4. Audit for billing compliance
    When assessing the value of a medical practice, buyers look at revenues and profits and the growth trajectory of the practice to determine a suitable purchase price. However, those revenues are affected by a practice’s approach to billing. If a target practice employs billing practices that are more aggressive than the acquiring system, revenues may be lower after the acquisition, and the purchase price should be modified accordingly. Last year, doctors, nurses and medical professionals billed $900 million in fraudulent claims to Medicare and Medicaid, and fraud is a part of private insurance too. Everything from misrepresenting the dates of service to issuing unneeded prescriptions and bribery is possible; therefore records should be examined closely. As part of the due diligence of any purchase, acquiring companies should have an expert transaction consultant assess billing practices, including an analysis of compliance procedures.
  5. Undertake a quality-of-earnings analysis
    Financial and tax due diligence procedures must also be performed to verify the historical financial results of the target and identify potential successor tax liabilities. Common pitfalls include unexpected trends in net revenue to procedure/visit ratios, accounting for physician and/or shareholder compensation, overlooking the impact of a cash to accrual conversion, and poor planning related to tax structuring. The level of due diligence varies depending on the size and complexity of the target and structure of the proposed transaction. Acquiring companies should use the results of due diligence not only to mitigate post-transaction surprises but to make any final changes to the ultimate purchase price.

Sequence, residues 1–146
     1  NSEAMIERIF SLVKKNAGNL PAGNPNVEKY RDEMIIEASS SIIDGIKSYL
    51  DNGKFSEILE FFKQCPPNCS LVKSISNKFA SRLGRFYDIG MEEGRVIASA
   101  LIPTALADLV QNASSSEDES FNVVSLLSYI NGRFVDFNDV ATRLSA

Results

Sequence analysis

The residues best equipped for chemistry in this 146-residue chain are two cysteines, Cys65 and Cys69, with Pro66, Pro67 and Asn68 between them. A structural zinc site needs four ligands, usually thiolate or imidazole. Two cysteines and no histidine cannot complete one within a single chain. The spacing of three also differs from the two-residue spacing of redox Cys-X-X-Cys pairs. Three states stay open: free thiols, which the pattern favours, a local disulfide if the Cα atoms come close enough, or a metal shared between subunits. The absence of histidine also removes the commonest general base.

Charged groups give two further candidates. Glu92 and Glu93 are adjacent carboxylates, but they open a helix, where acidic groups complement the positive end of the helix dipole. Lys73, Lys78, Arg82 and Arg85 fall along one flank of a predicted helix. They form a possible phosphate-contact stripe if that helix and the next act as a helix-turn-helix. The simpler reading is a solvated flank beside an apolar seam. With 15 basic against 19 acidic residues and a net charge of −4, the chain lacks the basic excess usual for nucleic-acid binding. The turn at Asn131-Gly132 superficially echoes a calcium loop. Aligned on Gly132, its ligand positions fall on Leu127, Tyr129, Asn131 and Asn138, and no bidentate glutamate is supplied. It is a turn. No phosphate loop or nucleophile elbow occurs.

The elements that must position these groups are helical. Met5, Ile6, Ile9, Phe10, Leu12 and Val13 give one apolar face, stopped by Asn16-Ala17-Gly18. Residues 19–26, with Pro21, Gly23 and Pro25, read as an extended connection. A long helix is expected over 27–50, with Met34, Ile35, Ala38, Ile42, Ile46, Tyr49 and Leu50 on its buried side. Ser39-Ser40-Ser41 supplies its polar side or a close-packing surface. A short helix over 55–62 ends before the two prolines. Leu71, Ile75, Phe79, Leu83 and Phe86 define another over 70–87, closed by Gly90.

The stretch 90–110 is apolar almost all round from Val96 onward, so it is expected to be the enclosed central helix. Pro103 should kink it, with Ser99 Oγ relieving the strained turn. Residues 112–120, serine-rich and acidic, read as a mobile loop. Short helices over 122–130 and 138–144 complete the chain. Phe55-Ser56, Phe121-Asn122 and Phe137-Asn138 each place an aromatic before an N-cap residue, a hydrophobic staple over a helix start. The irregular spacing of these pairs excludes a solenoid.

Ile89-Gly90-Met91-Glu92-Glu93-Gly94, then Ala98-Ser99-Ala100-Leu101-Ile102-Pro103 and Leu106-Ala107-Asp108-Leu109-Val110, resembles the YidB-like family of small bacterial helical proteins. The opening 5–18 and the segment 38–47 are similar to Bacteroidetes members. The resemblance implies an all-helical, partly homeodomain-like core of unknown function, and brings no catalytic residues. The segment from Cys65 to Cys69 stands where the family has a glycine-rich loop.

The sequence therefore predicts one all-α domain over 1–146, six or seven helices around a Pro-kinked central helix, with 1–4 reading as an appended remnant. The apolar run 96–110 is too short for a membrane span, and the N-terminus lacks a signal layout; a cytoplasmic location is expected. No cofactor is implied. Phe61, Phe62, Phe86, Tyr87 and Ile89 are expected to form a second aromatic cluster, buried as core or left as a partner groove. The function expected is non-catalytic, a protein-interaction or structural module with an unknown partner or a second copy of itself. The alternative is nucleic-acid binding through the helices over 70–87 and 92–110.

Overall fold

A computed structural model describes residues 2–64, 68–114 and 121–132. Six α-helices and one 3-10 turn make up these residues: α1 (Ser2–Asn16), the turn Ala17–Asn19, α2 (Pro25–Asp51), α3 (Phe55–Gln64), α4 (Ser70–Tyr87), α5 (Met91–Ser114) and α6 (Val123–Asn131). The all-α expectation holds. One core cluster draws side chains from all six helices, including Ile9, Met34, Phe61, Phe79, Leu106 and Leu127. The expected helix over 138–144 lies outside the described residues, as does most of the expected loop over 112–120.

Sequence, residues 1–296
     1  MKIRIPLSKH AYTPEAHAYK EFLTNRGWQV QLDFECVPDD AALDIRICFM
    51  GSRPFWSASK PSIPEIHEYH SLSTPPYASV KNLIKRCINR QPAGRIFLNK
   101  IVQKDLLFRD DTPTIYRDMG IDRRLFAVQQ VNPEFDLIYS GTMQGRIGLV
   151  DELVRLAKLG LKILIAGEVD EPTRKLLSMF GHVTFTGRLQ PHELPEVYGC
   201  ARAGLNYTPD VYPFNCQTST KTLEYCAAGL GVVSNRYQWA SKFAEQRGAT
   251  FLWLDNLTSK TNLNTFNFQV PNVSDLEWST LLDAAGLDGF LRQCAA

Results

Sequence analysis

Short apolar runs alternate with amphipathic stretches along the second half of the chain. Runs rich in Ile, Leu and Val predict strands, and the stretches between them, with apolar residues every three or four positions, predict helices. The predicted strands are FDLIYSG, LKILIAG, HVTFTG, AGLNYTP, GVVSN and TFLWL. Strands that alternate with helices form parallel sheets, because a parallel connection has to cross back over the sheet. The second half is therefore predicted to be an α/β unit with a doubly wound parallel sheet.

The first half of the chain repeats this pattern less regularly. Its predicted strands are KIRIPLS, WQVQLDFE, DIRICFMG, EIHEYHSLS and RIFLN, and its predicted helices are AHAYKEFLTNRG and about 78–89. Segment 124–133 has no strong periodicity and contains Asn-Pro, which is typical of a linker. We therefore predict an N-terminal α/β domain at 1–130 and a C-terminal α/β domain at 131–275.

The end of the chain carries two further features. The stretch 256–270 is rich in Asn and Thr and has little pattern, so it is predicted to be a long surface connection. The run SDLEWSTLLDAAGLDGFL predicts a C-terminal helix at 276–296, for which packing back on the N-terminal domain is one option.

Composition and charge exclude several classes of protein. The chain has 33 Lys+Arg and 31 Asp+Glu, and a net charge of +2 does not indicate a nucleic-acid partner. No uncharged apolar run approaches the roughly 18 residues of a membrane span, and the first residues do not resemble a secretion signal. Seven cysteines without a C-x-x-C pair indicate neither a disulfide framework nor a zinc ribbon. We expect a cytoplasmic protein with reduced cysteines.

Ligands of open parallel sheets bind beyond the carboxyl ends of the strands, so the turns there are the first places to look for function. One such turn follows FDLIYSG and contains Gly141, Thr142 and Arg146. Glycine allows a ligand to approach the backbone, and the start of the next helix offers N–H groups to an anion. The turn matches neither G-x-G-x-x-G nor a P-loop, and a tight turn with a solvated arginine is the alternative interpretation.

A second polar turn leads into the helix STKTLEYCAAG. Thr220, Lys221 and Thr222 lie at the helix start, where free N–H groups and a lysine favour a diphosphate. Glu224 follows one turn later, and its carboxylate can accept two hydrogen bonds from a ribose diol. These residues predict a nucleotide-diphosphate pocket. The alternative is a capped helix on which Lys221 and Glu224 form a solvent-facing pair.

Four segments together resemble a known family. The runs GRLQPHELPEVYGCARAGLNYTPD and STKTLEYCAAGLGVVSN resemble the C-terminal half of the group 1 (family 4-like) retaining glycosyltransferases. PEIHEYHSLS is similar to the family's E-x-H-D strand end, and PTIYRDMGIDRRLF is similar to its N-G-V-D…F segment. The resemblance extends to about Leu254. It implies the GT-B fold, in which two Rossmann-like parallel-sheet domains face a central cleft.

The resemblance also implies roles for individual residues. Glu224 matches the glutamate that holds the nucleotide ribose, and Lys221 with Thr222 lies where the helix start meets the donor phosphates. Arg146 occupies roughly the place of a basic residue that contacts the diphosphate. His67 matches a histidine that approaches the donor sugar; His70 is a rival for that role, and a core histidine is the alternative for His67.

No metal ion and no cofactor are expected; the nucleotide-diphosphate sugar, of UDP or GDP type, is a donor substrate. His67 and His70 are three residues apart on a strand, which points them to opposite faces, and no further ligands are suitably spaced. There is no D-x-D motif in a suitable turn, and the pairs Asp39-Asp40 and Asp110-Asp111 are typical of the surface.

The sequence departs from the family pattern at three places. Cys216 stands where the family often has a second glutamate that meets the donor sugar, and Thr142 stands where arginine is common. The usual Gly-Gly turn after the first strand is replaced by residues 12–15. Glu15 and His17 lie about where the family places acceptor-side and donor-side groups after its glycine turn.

In the end, medical practice acquisitions are a volume game, with many hospitals and private equity investors buying as many as 10 or more practices at once. However, before embarking on such a plan, buyers should assemble a pre-acquisition checklist. At the top of that list is making sure the buyer itself has strong practice management and accounting systems in place. An alternative approach is to start by acquiring a practice that already has the crucial infrastructure in place, which may require paying a premium for the platform acquisition. The acquired system can then be used to add on subsequent practices to build a regional or national practice.

For those willing to take on the challenge, the rewards can be substantial. Practices can be bought for multiples as low as three to four times EBITDA and integrated into a system that can be valued at a much greater multiple, making it immediately accretive. Like most things in life, however, getting to that payoff is about paying attention to the details.

Michele McHale and Mark Fleischer are partners in the private equity practice of Plante Moran, a certified public accounting and business advisory firm offering audit, accounting, tax and consulting services. McHale brings transaction advisory expertise with healthcare management organizations, including physician practice roll-ups. Fleischer leads the firm’s consumer goods and services practice and has audit and consulting experience working with physician practice roll-ups.